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President Barack Obama
<p>President Barack Obama</p>

State of the Union addresses paid sick leave, minimum wage

President Obama suggests moves some in the restaurant industry say could burden small businesses

President Barack Obama made an aggressive plea Tuesday for bolstering the middle class in his annual State of the Union address, suggesting moves that some in the restaurant industry say could burden small businesses.

Speaking to a Republican-controlled Congress, Obama called for tax cuts for low- and middle-income families, as well as paid sick leave and an increase of the minimum wage.

American businesses have added 11.2 million private-sector jobs in the past five years, Obama said, and the state of the union is strong. But he challenged Congress, saying, “Will we accept an economy where only a few of us do spectacularly well? Or will we commit ourselves to an economy that generates rising incomes and chances for everyone who makes the effort?”

Obama noted that 43 million American workers have no paid sick leave, and “that forces too many parents to make the gut-wrenching choice between a paycheck and a sick kid at home.”

The president said he would take action to help states adopt paid sick leave laws, noting that such legislation won support when it was on state ballots in November.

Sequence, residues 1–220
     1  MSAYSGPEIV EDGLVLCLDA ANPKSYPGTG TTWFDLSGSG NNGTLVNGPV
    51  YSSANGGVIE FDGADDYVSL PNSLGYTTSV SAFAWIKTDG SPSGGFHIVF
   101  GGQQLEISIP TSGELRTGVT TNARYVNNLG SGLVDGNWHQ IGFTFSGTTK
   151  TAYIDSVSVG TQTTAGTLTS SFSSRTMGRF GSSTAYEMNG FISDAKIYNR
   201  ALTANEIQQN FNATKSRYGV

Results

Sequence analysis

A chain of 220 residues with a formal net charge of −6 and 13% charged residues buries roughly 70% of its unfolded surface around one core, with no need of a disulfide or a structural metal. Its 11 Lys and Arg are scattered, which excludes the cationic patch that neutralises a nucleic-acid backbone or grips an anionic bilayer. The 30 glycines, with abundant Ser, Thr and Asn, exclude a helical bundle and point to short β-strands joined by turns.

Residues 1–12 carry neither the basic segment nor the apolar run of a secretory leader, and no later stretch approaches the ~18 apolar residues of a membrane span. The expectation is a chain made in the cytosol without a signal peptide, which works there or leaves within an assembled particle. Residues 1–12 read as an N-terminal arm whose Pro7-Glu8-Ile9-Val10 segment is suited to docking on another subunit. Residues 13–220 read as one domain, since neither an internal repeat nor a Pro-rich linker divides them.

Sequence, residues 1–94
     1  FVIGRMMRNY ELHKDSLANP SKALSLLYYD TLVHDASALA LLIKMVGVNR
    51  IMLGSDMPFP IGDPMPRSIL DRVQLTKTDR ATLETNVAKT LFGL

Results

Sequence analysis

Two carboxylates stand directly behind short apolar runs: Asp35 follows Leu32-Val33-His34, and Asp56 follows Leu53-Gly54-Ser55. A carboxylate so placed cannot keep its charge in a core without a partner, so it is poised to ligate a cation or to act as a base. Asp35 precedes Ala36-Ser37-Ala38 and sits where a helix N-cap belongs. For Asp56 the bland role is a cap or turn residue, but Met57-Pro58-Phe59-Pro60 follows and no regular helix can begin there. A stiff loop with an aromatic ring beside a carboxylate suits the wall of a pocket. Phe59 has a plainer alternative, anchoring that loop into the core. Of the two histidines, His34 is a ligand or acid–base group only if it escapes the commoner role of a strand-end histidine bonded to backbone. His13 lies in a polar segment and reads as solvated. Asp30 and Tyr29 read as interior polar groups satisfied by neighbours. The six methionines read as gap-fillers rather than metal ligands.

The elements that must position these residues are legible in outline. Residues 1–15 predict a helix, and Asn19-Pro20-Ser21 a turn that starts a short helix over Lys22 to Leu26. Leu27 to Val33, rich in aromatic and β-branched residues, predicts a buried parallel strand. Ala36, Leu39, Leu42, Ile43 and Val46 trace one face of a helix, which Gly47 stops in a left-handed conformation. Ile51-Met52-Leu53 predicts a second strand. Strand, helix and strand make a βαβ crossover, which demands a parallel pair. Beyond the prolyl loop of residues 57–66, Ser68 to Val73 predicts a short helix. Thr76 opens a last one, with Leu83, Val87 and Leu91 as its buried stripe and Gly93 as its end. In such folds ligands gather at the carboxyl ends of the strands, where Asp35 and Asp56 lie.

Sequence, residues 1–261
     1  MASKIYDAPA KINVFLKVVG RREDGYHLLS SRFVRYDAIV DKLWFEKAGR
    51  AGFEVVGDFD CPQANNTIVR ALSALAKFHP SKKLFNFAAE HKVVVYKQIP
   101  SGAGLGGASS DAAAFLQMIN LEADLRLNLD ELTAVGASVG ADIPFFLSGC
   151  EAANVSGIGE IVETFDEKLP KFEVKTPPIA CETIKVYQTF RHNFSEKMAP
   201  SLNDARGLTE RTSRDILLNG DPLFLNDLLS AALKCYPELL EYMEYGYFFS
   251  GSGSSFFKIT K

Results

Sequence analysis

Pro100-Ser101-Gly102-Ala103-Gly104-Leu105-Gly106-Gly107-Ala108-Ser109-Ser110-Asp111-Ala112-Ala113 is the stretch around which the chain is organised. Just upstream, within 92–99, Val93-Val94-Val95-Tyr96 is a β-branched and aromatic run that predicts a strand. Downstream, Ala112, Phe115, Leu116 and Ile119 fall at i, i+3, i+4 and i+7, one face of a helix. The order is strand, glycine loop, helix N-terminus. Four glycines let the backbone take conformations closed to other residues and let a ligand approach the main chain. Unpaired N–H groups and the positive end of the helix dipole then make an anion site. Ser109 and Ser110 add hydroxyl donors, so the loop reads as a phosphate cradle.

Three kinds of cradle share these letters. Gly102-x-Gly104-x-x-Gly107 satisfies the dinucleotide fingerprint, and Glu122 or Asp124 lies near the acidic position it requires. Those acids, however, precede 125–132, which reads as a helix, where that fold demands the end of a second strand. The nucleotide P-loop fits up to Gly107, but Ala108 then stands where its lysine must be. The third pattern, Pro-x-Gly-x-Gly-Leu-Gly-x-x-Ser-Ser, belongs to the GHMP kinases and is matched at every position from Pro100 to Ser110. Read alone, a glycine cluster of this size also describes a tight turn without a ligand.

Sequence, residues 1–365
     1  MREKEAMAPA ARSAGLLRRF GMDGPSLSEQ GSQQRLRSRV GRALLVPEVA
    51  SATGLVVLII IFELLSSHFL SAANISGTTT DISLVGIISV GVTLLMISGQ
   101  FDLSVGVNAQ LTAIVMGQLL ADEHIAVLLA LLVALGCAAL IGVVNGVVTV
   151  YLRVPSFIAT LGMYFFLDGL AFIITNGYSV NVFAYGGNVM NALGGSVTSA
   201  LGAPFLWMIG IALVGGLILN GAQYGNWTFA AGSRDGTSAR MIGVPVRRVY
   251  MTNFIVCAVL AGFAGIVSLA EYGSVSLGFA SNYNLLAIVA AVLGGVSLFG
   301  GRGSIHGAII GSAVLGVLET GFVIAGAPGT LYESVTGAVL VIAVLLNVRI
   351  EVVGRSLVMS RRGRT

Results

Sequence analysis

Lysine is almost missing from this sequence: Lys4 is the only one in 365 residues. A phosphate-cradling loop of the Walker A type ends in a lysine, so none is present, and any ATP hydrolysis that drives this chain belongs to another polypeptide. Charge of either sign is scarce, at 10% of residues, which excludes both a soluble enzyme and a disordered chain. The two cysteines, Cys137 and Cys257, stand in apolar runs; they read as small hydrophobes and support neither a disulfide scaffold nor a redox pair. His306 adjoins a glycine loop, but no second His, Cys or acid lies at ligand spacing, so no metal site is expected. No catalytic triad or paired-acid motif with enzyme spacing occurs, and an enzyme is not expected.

“Let’s put it to a vote right here in Washington,” Obama said. “Send me a bill that gives every worker in America the opportunity to earn seven days of paid sick leave. It’s the right thing to do.”

Obama also called on Congress to “vote to give millions of the hardest-working people in America a raise.

“If you believe you could work full time and support a family on less than $15,000 a year, go try it,” he said.

Restaurant industry representatives said they share the president’s goals on supporting the middle class, but not with government mandates that burden small businesses.

Scott DeFife, executive vice president, policy and government affairs for the National Restaurant Association, said in a statement: “We share the mutual goal of growing the economy and creating pathways to the middle class for all working Americans. We support the renewed focus on training and skill development, and reforming the nation’s immigration system.”

However, DeFife urged lawmakers to avoid “prescriptive, one-size-fits-all mandates on private-sector industries like the restaurant industry that have thrived without the added costs and intrusions of labor unions.”

Mandates like the Affordable Care Act, or ACA, have negatively impacted employment opportunities, especially for those with little or no work experience, DeFife said.

The International Franchise Association called for the restoration of the 40-hour workweek as part of the ACA, as one way Congress could reduce the burden on small business owners.

Republican lawmakers who respond to the speech said they hoped to strike deals with Obama on issues like trade and cybersecurity, as well as rewriting the tax code.

But some indicated that the president’s plan to raise taxes by $320 billion over the next decade on higher-income Americans would see little support.

“This president seeks to punish success and redistribute wealth on the federal government’s terms,” Senate Budget Committee chairman Mike Enzi, (R-Wyo.), told the Wall Street Journal.

Contact Lisa Jennings at [email protected].
Follow her on Twitter: @livetodineout

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